On the last day, Louis Sullivan (the head of Health and Human Services), was coming to the meeting and we knew there was going to be a big protest. On the podium that day--and there are photographs of it--everyone but Sullivan had a red armband on. Every other doctor up there. Many of the people in the hall had red armbands, and there was a massive protest. Whistles and shouting, no one could hear a word he said. We disrupted his speech with nonviolent civil disobedience.


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Right after that meeting we led a large group of doctors who were attending the conference to join the Gay Freedom Parade that coincided with the conference. We were there behind the banner with Volberding and Jonathan Mann, who was the head of the World Health Organization at the time. We left the Moscone Center where Sullivan had just spoken and joined the parade. So there was this huge outpouring of protesting people.

24. For John Ziegler's reaction to this experience, see his oral history in the AIDS physicians series.

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Andrews

Some weeks after this AIDS conference, I got a phone call from a friend who had watched some awards show on TV. He said, "You wouldn't believe what happened. There were people wearing these red ribbons for AIDS awareness. And somebody called and said, "Do you realize that these red ribbons that we started passing out have become a symbol?" We were all amazed. By the end of the conference, one of the things that we had noticed is that a few people, especially women, didn't want this big red armband pinned on their silk blouses, so they were taking a part of it and bending it and attaching it to something else. So it was a smaller fragment, but it was still the red ribbon. And as we know, the red ribbon became the symbol of AIDS awareness, which started as BAPHR's protest against the INS policy at the International AIDS meeting.


Hughes

An amazing story.


Andrews

An amazing story.


Hughes

You don't know who took it from there?


Andrews

We don't know who. Someone saw it, because of course this conference was internationally telecast. I specifically asked Paul Volberding in the opening comments for that conference to mention why he was wearing it and where he got it. He mentioned in the opening statement to that international conference that he was wearing this ribbon because a group called Bay Area Physicians for Human Rights were protesting this [INS] policy. So we knew that people were seeing it as a sign of protest, and then later someone decided to carry it on and wear it again at an awards ceremony, and then it just caught on.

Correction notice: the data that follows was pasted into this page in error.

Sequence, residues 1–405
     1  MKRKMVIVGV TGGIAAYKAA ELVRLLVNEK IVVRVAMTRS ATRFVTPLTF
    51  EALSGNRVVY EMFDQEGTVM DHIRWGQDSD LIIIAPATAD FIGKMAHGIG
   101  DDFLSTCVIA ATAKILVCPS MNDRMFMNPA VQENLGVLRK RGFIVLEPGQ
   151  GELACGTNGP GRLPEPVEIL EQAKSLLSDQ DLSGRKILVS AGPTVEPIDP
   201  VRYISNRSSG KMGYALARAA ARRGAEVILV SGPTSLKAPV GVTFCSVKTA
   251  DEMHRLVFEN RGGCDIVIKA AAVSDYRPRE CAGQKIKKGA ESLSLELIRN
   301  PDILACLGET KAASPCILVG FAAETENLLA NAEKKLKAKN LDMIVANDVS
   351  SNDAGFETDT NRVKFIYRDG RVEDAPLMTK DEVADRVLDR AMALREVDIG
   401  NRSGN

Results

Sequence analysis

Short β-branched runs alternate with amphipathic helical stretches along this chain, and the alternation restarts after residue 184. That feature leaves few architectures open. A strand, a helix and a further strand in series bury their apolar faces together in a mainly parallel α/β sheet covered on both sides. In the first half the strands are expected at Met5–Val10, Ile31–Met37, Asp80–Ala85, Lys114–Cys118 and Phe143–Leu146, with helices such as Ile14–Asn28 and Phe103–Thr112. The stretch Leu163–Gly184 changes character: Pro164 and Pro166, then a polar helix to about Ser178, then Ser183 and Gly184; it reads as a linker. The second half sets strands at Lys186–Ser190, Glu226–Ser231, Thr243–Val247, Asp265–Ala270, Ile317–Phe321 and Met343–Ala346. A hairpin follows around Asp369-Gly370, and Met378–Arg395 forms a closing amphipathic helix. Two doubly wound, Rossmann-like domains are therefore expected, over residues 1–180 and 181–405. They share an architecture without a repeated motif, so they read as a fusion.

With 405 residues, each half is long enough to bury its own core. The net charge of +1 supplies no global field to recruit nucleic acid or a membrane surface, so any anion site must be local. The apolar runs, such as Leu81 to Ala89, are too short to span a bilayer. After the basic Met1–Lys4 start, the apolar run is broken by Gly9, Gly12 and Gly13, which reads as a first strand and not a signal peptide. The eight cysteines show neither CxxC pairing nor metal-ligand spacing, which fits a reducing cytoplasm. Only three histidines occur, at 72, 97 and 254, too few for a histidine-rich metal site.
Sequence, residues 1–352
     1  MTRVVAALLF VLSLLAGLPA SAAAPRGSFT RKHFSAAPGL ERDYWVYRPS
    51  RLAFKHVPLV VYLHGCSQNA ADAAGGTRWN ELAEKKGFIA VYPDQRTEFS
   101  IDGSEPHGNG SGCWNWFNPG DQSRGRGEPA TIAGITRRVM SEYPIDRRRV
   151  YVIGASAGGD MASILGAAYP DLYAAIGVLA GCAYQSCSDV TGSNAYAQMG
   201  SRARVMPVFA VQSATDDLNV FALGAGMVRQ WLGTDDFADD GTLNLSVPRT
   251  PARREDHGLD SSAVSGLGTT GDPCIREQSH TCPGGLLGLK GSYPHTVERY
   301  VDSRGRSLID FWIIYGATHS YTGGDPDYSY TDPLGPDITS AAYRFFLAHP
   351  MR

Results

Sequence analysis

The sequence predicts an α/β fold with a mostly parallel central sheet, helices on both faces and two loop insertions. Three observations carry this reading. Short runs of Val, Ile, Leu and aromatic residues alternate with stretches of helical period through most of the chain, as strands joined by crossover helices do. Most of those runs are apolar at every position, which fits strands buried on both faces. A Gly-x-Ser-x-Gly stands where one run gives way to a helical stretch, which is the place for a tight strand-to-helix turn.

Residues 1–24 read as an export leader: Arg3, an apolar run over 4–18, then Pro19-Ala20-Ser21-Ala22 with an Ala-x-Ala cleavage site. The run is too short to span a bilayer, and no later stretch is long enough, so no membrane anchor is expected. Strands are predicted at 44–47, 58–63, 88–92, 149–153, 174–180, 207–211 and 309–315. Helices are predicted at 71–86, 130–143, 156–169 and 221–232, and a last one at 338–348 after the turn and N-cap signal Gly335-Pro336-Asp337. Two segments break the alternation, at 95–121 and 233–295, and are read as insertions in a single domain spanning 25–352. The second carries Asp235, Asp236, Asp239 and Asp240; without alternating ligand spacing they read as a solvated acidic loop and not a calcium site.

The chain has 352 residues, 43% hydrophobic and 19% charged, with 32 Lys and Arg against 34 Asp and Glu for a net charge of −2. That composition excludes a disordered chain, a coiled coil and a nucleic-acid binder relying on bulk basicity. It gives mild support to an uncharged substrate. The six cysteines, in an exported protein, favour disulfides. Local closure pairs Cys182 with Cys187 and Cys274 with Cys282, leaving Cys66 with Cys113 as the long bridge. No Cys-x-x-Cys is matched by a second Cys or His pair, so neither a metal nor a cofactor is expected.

Hughes

It's also a story of activism and acknowledgement by the medical establishment that PWAs and other activists should be part of AIDS activities



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Andrews

That's right.


Hughes

Did you feel that indeed was the attitude of the Sixth International Conference?


Andrews

Very much. Paul Volberding and John Ziegler did an incredible job of organizing a scientific meeting that also included input and participation from AIDS and gay groups. It was, far more than any earlier international meeting, a meeting that addressed the psychosocial and political issues involved with AIDS. It was no coincidence that this happened in San Francisco. What was amazing is that it coincided with this crazy,

Reagan-style government position by the INS. It made no sense to discriminate against HIV-positive individuals, by attempting to prevent them from entering the country to attend the meeting, when we all knew that there was absolutely no way the virus could be passed by casual contact. To the many scientists and doctors attending the meeting, it painted a very clear picture that AIDS wasn't just a disease but had an enormous social impact. Many of the conference attendees told me they had never been politically active before, but they were eager to wear our red ribbons and join the protest. For the first time, they began to understand the implications of this disease, that this was also a social and political situation that had to do with homophobia, AIDS phobia, fear and ignorance.


Hughes

John Ziegler told me that he actually marched in the Gay Pride Day parade.


Andrews

He did.